With Omicron on Australia’s shores already, here’s everything you wanted to know about state border restrictions for your up-and-coming domestic holiday.
Don’t throw your vacation plans in the bin just yet, domestic travel is still a doable goal for most Australians. It would however be a good plan to choose the destination carefully and familiarise oneself with the different state border restrictions in place and those that may be added as and when more is known about the new Covid-19 variant, Omicron.
After 20 months of lockdown turmoil and border closures, Australians were finally getting excited about travel over the New Year period, but the new virus strain is threatening to derail plans all over again. Since not much is known about the rapidly spreading strain, states are taking extra precautions with tightened travel restrictions, and some are even reintroducing quarantine rules.
Victoria has announced that domestic visitors to the state will not need to get a travel permit to enter any longer, regardless of their vaccination status. Travellers will not have to quarantine or hold a permit to enter Victoria from another Australian state or territory to visit, work or transit through, nor will they require a permit if they have completed hotel quarantine interstate.
It is however a different scenario in Western Australia. WA premier Mark McGowan declared it is “too early” to consider any drastic changes to the state’s border reopening plan, saying that once the state hits 80 per cent full vaccination by the end of next week, reopening for late January or early February could then be decided.
Last weekend he shut his state’s borders to South Australia but is allowing in visitors from NSW and Victoria. Travellers from NSW, however, are not permitted to enter WA without approval. If approval is received, they must immediately self-quarantine in a ‘suitable premises’ for 14 days. The same goes for vaccinated South Australians.
WA Health Minister Roger Cook has expressed concern about South Australia’s relaxed border policy and was worried that overseas travellers could enter South Australia without quarantine if they came from Victoria, NSW or Canberra.
South Australia has also re-worked its border rules following the emergence of the mutant variant. All people arriving in SA from high-risk locations in Australia will be asked to quarantine for 14 days, while those from low-risk or moderate Local Government Areas will need to get tested for Covid-19 three days before entering SA.
They are accepting only fully vaccinated arrivals for now. Unvaccinated travellers will be required to apply for an exemption, and each application will be verified on a case-by-case basis.
The Northern Territory is open to fully vaccinated travellers only, state residents or people who have a medical exemption.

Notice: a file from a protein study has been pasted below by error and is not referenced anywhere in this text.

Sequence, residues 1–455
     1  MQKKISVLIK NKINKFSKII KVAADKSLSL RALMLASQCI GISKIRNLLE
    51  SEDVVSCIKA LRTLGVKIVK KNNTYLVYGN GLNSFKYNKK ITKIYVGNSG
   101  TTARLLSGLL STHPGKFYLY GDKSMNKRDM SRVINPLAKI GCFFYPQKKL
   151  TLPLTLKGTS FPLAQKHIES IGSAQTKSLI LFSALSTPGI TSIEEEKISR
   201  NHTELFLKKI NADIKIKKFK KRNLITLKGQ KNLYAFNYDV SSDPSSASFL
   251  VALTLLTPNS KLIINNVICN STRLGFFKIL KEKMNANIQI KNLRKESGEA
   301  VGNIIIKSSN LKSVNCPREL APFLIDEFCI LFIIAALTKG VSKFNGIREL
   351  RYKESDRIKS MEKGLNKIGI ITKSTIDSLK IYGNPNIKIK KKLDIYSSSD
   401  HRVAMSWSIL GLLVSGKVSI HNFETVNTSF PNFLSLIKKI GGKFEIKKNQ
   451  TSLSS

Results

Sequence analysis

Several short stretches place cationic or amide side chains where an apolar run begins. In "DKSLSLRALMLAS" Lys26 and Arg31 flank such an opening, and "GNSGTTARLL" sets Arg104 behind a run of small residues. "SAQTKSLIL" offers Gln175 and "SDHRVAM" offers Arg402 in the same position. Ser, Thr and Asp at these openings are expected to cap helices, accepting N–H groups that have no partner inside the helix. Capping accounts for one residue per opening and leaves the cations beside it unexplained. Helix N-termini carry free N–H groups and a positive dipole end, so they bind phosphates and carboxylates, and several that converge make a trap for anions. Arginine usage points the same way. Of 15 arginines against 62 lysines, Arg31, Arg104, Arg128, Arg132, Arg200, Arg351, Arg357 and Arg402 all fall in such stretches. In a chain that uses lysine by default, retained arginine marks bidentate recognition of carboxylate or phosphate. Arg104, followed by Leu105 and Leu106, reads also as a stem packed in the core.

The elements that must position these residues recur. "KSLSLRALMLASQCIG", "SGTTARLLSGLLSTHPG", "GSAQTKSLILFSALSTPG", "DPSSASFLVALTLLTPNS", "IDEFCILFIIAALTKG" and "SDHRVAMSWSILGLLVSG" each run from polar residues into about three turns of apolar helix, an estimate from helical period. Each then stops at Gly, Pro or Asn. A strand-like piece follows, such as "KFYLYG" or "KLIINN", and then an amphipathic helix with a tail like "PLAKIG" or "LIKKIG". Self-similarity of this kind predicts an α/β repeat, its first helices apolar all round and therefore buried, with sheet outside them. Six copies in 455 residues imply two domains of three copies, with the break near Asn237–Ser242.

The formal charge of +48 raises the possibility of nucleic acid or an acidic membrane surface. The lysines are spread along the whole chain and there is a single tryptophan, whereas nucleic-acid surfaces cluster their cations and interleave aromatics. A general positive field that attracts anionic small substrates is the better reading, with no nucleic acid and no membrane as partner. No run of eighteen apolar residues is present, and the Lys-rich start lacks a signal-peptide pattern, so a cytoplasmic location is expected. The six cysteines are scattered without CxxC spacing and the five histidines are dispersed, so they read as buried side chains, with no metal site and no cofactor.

Domestic travellers or international arrivals from a red zone will be required to undergo home quarantine for seven days. Also, all travellers will have to complete a Border Entry form before their arrival.
Travellers going to Tasmania from low-risk areas in Australia do not need to quarantine. However, those arriving from moderate-risk areas must quarantine at home for 14 days, while those from high-risk areas will not be allowed entry into the state unless they are an essential worker.
Any traveller who has spent time overseas in the 14 days prior to November 28, will need approval as an essential traveller and face quarantine regulations. They will have to provide evidence of a negative COVID-19 test in the 72 hours before their arrival.
New South Wales Premier, Dominic Perrottet has emphasised that the state will stay open and follow its Covid roadmap despite the new variant. He said that Omicron could be contained and the state’s timeline of lifting restrictions at 95 per cent vaccination on December 15 was very much a possibility.
Queensland Premier Annastacia Palaszczuk has said the state may reopen borders soon after the double-dose vaccination mark reaches 80%. At present it stands at 76.08%. The borders would then be opened for quarantine-free travel for fully vaccinated domestic travellers.
However, inter-state travellers might be asked to isolate if they visit high-risk spots in NSW and Victoria.
All vaccinated international travellers who have arrived in ACT in the last couple of days have been asked to quarantine until November 30. Unvaccinated arrivals are required to undergo hotel quarantine for 14 days. Further instructions are awaited.
While the primary focus on border closures has been on international travel, there are now serious concerns about the emergence of the Omicron variant and how it could throw domestic travel plans into absolute disarray. As more information about the strength of the virus unfolds, states are expected to re-work rules and travel restrictions. Let us not lose heart.